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The difference between translation and transcreation

Updated: Jun 5, 2023

Definition of Translations in a dictionary
The Merriam-Webster dictionary defines "Translation" as the "rendering from one language into another", amongst other definitions. Looking for "Transcreation" in one of these classic dictionaries would be futile. This term is relatively new and it's usually discussed in business and marketing contexts.

When it comes to language, there are two terms that often get thrown around in the same breath: translation and transcreation. But what is the difference between translation and transcreation?

Translation and transcreation are two distinct approaches to adapting content from one language to another. While both involve the process of rewriting, they serve different purposes and require different skills.

What is Translation?

Let's start with translations. Translation is all about conveying an exact meaning from one source language to another target language, without changing or adapting any of the original content. Put simply, you are taking the exact same words and moving them around a bit so they can be understood by someone who doesn't speak the source language.

What is Transcreation?

Transcreation is a much more in-depth process that involves adapting and revising the source text for a specific target market, culture, or demographic group. It is both creative and strategic; it is about expressing the original meaning in a way that resonates with a completely different audience. Often this involves making changes to style, syntax, tone, and even changing some of the words themselves.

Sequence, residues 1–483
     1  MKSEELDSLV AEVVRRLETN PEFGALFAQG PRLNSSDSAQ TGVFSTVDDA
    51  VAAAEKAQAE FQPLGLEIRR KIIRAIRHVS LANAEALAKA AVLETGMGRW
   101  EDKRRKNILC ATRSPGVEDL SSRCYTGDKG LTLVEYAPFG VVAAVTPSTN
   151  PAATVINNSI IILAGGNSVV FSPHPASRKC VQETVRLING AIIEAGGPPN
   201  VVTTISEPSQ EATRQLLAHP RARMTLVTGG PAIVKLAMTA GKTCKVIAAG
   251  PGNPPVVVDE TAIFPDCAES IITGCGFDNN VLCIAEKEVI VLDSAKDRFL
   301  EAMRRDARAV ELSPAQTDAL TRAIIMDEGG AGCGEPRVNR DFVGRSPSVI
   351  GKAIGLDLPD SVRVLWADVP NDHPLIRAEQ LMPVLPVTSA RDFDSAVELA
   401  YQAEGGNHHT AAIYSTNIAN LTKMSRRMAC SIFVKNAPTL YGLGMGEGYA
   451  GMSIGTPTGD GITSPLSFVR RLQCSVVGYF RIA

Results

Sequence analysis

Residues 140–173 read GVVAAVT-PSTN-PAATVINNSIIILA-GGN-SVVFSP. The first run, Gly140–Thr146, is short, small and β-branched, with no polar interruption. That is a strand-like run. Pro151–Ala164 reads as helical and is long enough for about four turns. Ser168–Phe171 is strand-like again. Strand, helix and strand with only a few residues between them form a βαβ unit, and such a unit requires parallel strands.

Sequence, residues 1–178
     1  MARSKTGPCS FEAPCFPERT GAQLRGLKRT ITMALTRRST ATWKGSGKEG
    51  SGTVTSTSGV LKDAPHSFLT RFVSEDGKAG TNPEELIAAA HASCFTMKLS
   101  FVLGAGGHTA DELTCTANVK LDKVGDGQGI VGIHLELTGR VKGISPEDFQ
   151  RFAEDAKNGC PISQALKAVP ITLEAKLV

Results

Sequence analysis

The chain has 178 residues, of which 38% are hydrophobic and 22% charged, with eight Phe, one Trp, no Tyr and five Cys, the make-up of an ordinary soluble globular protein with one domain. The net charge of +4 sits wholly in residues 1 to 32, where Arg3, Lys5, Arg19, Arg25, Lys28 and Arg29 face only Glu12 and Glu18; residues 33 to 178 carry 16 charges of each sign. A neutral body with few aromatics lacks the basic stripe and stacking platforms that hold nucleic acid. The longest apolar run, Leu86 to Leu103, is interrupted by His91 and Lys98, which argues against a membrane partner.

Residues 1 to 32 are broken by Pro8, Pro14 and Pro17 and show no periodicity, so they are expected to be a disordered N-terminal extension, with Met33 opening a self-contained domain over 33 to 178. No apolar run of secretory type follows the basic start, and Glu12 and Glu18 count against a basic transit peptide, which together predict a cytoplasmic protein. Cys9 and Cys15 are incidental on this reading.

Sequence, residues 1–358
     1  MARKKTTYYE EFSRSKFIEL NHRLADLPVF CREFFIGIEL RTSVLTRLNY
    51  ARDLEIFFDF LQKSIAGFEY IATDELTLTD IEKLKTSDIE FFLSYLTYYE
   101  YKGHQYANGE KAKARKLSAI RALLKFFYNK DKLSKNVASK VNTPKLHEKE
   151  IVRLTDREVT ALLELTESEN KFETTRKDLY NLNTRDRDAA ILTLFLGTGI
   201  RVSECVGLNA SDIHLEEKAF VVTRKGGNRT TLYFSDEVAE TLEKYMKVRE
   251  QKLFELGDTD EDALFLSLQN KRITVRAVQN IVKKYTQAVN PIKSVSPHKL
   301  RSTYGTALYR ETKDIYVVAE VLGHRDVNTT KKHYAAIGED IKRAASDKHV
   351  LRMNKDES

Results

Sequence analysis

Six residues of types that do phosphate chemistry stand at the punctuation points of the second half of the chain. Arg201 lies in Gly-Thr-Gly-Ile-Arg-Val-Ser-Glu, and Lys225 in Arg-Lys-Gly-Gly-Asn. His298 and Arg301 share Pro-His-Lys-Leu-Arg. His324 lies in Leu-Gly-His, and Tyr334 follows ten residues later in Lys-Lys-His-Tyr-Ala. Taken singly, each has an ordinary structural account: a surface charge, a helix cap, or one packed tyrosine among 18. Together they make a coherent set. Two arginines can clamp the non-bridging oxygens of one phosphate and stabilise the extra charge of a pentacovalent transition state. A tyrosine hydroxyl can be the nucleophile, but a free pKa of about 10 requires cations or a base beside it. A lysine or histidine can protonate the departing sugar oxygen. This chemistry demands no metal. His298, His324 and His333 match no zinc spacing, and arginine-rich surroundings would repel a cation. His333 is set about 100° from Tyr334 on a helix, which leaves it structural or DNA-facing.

What's the difference between translation and transcreation?

Translation involves the straightforward process of converting written content from one language into another. The focus is on accuracy and clarity, preserving the meaning and structure of the original text as closely as possible. The translator’s goal is to convey the information as accurately and completely as possible, without changing the tone, style or intent of the original message.

Transcreation, on the other hand, involves more than just translating the words. It is a creative process that involves rewriting the original text to adapt it to the target audience, culture or market. Transcreation involves a deeper understanding of the cultural nuances and references of the target language and audience. Transcreation requires the interpreter or translator to be highly skilled in both the source and target languages, as well as possessing a keen sense of marketing and copywriting.

Precision & Accuracy Vs. Creativity & Adaptation

The goal of transcreation is to create content that resonates with the target audience, and that is culturally appropriate, engaging and effective in achieving the desired marketing or branding objectives. A good "transcreator" is not only proficient in both the source and target language, but should also be creative and have additional context related to the target audience, which is why a professional human translator who's also a native person who lives in the place as the target audience is preferred. If you're unsure of what's best for your needs, you might want to consult a translation agency for guidance.